The Selfish Giver

Article by Hilgardt Lamprecht (@TheLifeWealthGroup)

Photography by Hilgardt Lamprecht (@TheLifeWealthGroup)

Originally published in Winter Garden City Lifestyle

I think the phrase, "It is better to give than to receive," many times has been used to make people feel better about spending hard-earned money to help or bless someone else. It's a phrase we like to throw around during Christmas to soothe the pain of losing money or justify our sometimes too-extravagant gifts. But in doing so, we miss one of generosity's most potent and vital side effects: true joy.

It is the joy of being personally involved in the good outcome of the gift. It is seeing the smile or the relief of a recipient knowing their needs are being met or their desires are being fulfilled. Most people in need are praying to God to help them fulfill that need, and when we step into the waterfall of grace and love God has for people, we become God's answers to those prayers. We then, in exchange, get submerged by the love, joy, and the fulfillment that what we have done to earn the money has greater meaning and purpose.

Money has become the facade of value we use to measure our worth. Each day, we exchange ourselves, our knowledge, our expertise, and our energy for money and then the money for our needs and desires. It becomes the selfish cycle that turns our world. In my years, I have discovered that giving is very personal for me. I realized that when I give, I am really giving of myself. Each gift comes with a little bit of me, my time, my efforts, or my expertise. Now, I am not saying that pursuing success or nice things is inherently wrong, but I am saying that this pursuit is driven by one thing: self. We miss out on the joy and impact that comes from selflessly giving selflessly to someone who hasn't earned it.

But is it truly a selfless act? Unfortunately, no. Giving is one of the most selfish things you can do… Denzel Washington puts it this way: "The most selfish thing you can do in this world is helping someone else, because the gratification, the goodness that comes to you, the good feeling, the good feeling from helping others—nothing is better than that. Not jewelry, not the big house, not the cars; it's the joy. That's where the joy is—in helping others. That's where the success is." Denzel reminds us of the truth that when we pass, none of our possessions, achievements, or account values come with us. Instead, what proceeds us is the impact we had on people through the donation of our resources, our time, and our talents.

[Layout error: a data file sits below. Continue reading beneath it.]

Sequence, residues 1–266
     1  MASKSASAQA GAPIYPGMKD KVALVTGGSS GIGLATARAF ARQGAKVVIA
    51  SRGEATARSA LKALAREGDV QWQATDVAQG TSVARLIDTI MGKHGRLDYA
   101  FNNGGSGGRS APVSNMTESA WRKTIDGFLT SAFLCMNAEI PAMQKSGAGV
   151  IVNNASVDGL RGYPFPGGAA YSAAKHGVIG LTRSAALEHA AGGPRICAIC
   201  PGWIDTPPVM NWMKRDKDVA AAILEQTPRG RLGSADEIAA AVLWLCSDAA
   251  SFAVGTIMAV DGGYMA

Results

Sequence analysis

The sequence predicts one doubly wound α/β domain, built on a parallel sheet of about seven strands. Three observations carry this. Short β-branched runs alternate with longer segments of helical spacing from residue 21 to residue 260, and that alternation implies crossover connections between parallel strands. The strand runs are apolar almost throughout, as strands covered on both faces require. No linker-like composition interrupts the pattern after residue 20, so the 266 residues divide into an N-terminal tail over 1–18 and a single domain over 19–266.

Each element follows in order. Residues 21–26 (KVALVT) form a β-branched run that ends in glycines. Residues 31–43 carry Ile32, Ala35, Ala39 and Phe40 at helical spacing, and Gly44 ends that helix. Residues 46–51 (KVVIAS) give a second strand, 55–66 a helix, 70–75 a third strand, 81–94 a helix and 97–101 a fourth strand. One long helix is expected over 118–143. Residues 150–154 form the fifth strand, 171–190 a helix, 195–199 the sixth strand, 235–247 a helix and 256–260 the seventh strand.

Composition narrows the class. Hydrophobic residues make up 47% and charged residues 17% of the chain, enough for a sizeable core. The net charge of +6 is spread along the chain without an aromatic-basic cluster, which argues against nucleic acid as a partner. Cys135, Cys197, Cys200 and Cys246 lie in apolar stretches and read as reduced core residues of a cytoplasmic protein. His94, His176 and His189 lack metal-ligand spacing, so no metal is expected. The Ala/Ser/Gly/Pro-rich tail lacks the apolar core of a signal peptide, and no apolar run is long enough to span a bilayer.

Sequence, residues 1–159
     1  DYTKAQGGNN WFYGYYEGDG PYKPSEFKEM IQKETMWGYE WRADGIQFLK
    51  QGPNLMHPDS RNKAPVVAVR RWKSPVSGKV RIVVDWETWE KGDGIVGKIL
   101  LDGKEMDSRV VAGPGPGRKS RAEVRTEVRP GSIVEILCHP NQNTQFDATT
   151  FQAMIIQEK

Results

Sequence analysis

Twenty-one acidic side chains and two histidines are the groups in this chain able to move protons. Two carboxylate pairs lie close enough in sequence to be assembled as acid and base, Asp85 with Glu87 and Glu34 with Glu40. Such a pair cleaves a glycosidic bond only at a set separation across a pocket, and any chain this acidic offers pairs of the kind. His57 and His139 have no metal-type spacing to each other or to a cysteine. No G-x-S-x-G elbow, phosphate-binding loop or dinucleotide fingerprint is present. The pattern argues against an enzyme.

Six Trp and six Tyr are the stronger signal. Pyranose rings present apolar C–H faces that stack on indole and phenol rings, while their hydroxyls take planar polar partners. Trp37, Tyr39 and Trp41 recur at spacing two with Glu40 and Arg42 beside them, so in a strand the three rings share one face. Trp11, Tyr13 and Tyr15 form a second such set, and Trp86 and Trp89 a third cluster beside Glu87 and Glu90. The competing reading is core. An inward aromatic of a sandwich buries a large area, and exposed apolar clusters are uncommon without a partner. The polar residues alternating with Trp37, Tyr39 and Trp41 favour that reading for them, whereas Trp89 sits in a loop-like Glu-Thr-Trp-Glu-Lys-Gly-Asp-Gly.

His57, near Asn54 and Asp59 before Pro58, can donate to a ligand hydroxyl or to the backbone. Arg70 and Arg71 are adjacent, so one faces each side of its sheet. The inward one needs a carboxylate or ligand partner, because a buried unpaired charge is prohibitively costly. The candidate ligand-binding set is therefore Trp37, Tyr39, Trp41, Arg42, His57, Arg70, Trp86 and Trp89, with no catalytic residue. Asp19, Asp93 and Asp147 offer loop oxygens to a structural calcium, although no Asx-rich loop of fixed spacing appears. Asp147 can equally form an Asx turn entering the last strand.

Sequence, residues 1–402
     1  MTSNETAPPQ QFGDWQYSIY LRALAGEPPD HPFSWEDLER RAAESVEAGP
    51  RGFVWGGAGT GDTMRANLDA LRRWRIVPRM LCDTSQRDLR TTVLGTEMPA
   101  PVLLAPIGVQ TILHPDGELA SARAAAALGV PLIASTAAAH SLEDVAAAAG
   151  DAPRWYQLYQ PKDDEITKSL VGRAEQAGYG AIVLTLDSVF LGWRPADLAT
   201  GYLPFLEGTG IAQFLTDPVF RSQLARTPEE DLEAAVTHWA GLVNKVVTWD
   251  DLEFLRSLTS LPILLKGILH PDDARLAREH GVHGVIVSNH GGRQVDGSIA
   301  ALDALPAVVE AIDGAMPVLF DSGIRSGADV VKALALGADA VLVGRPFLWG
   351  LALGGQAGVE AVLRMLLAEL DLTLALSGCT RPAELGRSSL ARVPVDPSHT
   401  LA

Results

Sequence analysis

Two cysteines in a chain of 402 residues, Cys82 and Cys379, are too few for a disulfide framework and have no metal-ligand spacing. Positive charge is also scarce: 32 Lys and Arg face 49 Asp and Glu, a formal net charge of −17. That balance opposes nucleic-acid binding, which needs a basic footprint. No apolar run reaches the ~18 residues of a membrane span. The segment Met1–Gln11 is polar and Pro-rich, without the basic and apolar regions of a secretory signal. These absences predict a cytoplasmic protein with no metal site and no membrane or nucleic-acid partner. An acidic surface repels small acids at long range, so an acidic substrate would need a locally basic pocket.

As a financial advisor, I am engulfed by the impact of this green paper that spins our world, and I've seen the lengths to which we go to earn it. I have seen the hollowness and emptiness that follows the life of self-gratification. I have seen people who seemingly have everything feel as if they have nothing. And I have listened to the regret of those on their deathbeds who died with millions in the bank. They say that life is lived forward but understood backward. What I have learned from those backward understandings is this: life is less about affluence than it is about influence.

The influence of generosity, whether we give of our time, treasure, or talents, extends beyond our own individual success. And the beauty in giving is that it is free. We are not forced to give through compulsion, pressure, or even guilt, but the best kind of giving is self-determined, free, and under no guilt or pressure. We are free to give of ourselves to whomever we chose to give to. 2 Corinthians 9:7 says it this way, "Each one must give as he has decided in his heart, not reluctantly or under compulsion, for God loves a cheerful giver." 

During my own giving journey, I have experienced the addictive joy of generosity but have also fallen captive to the traps that lost me this joy in the process. Nevertheless, I have learned valuable lessons that have shown me how to maximize the joy and impact of generosity, and I would like to share them with you:

1.       Give Freely. Do not allow guilt or the pressure of the world or others to influence your giving. Rather decide in your own heart how you would like to give and to whom. You do not have to be rich to be generous.

2.       Get connected to your recipient. Whether you give of your time, talents, or treasure, get to know your recipient so you can see firsthand the impact of your generosity.

3.       Create a unified giving plan with your spouse. Nothing is more powerful than coming together as unified team to give to causes you both are passionate about.     

As we enter another Christmas season, I encourage you to be a "selfish giver" this year. I encourage you to look at your generosity through a new lens and to step into the joy of your impact potential. Ask God to show you who to love on, and let us both enjoy being touched by His love for people. I leave you with one final quote from Winston Churchill: "We make a living by what we get, but we make a life by what we give."

Merry Christmas to you and your family from your LifeWealth Family!

Securities offered only by duly registered individuals through Madison Avenue Securities, LLC (MAS), member FINRA/SIPC. MAS and The LifeWealth Group are not affiliated companies.

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